QUEENSLAND UPDATE: Non-essential business, activity and undertaking Closure Direction (No. 4)
Non-essential business, activity and undertaking Closure Direction (No. 4) 1 April 2020
On 31 March 2020, the Chief Health Officer of QLD published the 4th iteration of the Non-essential business, activity and undertaking Closure Direction pursuant to her powers under s 362B of the Public Health Act 2005 (Qld).
The directive places a significant bar on the activities of persons and businesses alike. Heavy penalties apply to those persons who do not observe and conduct themselves in accordance with this Public Health Direction.
For the purposes of this Public Health Direction Non-essential business, activity, or undertaking means a business, activity, undertaking, premises or place listed in Column 1 unless the exception listed in Column 2 applies:
|Business, activity, undertaking, premises or place||Exceptions|
|Food and drink|
|Cafes, restaurants, fast-food outlets, food courts (together retail food services)||o Takeaway service and home delivery can remain operational. All takeaway services must comply with the conditions provided in paragraph 9 below.|
– Retail food services at an airport that are reasonably necessary for the normal business of the airport, with social distancing observed.
– Provision of food or drink by or on behalf of an employer to employees or contractors that is reasonably necessary for the employer’s normal operations, with social distancing observed.
o Workplace canteens can provide takeaway, with social distancing observed.
– Provision of food or drink by a school, university, educational institution or childcare facility that is reasonably necessary for the normal business of the facility, with social distancing observed.
o Provision of food or drink at a hospital, prison, military facility, disability facility, resources sector facility including a canteen or mess hall or aged care facility that is reasonably necessary for the normal business of the facility, with social distancing observed.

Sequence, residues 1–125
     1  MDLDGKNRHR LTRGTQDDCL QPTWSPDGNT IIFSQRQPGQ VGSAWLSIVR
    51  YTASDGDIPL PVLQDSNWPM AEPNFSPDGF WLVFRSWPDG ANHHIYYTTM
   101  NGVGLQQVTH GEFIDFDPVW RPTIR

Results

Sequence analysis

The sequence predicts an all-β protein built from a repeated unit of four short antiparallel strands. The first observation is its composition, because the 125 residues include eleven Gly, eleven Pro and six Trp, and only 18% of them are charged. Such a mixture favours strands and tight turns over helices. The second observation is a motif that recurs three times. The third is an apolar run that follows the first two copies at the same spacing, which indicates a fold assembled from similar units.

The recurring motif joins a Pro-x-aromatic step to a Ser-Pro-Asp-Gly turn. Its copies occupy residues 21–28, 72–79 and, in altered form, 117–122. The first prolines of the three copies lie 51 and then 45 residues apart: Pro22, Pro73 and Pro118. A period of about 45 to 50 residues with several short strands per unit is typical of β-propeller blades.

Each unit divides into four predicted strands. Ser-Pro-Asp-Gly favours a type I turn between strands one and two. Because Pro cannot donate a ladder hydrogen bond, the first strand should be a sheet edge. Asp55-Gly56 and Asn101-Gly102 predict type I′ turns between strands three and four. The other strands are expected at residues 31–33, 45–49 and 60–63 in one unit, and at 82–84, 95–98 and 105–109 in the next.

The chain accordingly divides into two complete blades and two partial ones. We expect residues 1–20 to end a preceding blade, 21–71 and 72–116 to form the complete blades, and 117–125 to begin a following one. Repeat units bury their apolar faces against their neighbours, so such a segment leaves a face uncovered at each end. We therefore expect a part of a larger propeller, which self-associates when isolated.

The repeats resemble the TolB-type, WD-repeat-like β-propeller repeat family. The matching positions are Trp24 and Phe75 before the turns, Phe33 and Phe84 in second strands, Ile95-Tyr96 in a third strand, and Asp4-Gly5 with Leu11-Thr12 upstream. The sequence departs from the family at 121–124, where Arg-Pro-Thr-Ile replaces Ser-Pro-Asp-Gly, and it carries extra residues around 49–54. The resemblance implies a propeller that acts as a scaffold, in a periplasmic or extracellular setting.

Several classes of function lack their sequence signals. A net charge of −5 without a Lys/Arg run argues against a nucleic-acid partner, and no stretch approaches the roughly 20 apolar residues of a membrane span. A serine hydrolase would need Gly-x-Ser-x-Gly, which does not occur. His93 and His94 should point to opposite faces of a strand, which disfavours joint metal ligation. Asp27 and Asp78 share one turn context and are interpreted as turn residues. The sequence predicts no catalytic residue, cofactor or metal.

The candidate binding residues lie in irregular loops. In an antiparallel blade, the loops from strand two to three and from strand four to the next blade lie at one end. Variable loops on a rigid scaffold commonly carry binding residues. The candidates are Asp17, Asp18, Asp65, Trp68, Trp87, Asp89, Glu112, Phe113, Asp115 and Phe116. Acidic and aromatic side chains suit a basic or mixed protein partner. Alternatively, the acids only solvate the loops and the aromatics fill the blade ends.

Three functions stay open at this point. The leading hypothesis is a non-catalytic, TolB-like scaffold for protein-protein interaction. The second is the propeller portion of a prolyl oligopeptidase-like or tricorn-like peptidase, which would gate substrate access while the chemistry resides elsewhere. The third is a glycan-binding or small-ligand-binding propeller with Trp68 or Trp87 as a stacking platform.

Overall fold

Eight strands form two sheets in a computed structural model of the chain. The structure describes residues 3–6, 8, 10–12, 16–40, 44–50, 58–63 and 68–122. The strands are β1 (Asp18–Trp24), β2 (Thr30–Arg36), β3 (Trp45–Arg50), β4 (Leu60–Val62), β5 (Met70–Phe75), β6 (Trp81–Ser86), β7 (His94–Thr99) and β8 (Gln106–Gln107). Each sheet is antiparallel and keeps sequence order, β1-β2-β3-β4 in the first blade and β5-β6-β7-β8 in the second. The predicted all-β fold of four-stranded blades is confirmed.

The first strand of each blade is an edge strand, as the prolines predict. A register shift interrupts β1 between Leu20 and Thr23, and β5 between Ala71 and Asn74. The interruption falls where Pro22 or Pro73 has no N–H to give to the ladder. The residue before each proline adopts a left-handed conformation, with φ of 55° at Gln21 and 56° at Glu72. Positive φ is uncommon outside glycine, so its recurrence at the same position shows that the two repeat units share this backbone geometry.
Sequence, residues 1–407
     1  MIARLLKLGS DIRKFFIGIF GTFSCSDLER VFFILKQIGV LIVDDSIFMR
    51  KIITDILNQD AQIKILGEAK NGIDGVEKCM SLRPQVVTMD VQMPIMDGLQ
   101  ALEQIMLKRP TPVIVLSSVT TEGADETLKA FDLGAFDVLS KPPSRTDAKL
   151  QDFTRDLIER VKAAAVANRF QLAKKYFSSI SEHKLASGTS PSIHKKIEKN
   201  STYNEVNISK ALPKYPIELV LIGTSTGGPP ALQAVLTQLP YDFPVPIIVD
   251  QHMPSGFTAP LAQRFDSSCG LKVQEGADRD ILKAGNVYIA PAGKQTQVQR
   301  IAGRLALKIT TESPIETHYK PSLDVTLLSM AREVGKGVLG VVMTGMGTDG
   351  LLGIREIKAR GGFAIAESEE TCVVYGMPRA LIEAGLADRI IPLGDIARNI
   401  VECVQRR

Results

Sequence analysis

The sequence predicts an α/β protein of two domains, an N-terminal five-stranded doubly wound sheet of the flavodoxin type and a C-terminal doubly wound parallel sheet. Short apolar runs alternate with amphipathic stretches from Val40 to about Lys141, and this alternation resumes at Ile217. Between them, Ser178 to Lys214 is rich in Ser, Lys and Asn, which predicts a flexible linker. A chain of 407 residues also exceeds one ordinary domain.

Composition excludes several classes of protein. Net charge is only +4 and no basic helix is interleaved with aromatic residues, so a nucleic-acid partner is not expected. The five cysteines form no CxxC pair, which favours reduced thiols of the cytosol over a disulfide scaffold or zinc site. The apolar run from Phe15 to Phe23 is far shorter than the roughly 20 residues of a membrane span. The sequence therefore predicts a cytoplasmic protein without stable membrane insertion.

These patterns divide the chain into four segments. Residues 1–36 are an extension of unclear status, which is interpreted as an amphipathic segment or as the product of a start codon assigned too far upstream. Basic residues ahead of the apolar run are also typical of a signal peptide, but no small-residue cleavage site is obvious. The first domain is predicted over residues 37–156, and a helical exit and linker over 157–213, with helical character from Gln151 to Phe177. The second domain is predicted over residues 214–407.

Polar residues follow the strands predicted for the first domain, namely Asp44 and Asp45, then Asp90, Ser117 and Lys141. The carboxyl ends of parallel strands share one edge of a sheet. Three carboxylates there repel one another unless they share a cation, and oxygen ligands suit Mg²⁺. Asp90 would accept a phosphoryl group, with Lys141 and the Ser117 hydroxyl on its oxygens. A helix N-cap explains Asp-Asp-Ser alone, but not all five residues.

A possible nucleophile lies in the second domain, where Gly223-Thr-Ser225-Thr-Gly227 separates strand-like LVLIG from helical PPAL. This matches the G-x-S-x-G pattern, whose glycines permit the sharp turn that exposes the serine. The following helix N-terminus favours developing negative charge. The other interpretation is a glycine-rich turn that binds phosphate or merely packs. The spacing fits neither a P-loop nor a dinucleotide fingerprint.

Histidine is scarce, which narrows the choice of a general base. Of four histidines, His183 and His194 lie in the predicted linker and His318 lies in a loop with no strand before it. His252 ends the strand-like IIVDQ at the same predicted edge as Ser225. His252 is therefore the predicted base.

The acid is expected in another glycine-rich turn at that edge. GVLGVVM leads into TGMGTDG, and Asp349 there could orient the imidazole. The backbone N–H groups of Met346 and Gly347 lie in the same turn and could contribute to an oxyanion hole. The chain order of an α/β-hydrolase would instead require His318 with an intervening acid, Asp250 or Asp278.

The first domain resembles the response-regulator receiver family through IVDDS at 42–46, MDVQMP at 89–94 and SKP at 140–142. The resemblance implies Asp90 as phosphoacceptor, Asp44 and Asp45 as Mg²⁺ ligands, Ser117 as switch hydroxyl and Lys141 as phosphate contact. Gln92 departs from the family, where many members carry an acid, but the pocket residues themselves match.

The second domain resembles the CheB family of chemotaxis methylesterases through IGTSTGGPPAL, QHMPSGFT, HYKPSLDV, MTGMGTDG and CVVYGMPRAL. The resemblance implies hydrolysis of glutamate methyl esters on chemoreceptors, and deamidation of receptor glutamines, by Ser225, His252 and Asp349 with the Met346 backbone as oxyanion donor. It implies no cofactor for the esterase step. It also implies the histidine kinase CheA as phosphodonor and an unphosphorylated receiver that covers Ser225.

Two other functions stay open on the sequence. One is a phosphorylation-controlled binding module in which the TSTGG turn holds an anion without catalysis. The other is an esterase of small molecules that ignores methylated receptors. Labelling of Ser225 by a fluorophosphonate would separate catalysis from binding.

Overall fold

o Services providing food or drink to the homeless, with social distancing observed.
o Hotel room service or similar services for hotel guests.
|Real estate auctions and open house inspections||Private appointments for inspection.|
|Outdoor and indoor markets||Food markets and farmers markets may continue to operate|
|Weapons, ammunition and propellants|
|Licensed armourers and licensed dealers as defined under the Weapons Act 1990|
The holder of a licence as defined under the Explosives Act 1999 licenced to sell ammunition under the Explosives Regulation 2017.
These businesses are not permitted to sell or supply weapons, ammunition or propellant powders online or through the internet unless one of the exceptions in Column 2 applies.
For the purposes of this direction, ammunition means small arms ammunition for firearms
Example – cartridges used in firearms or propellant powders used for small arms ammunition.
|A licensed armourer, licensed dealer or authority holder may store, manufacture, modify, repair, acquire or supply weapons or ammunition to, for or on behalf of:|
o Commonwealth, State or Territory military or police organisations; or
o the holder of a security licence (organisation) or a security licence (guard) issued under the Weapons Act 1990; or
o international military, defence or security organisations; or
o the following persons who require or use a weapon for occupational purposes relating to primary production, animal welfare, nature conservation or pest management:
– a primary producer, as defined under subsection 995-1(1) of the Income Tax Assessment Act 1997 (Cth), able to produce a Queensland firearms licence bearing one or more of the following condition codes – PPA, PP2, PP3, PP4, PP5, PP6, PPH; or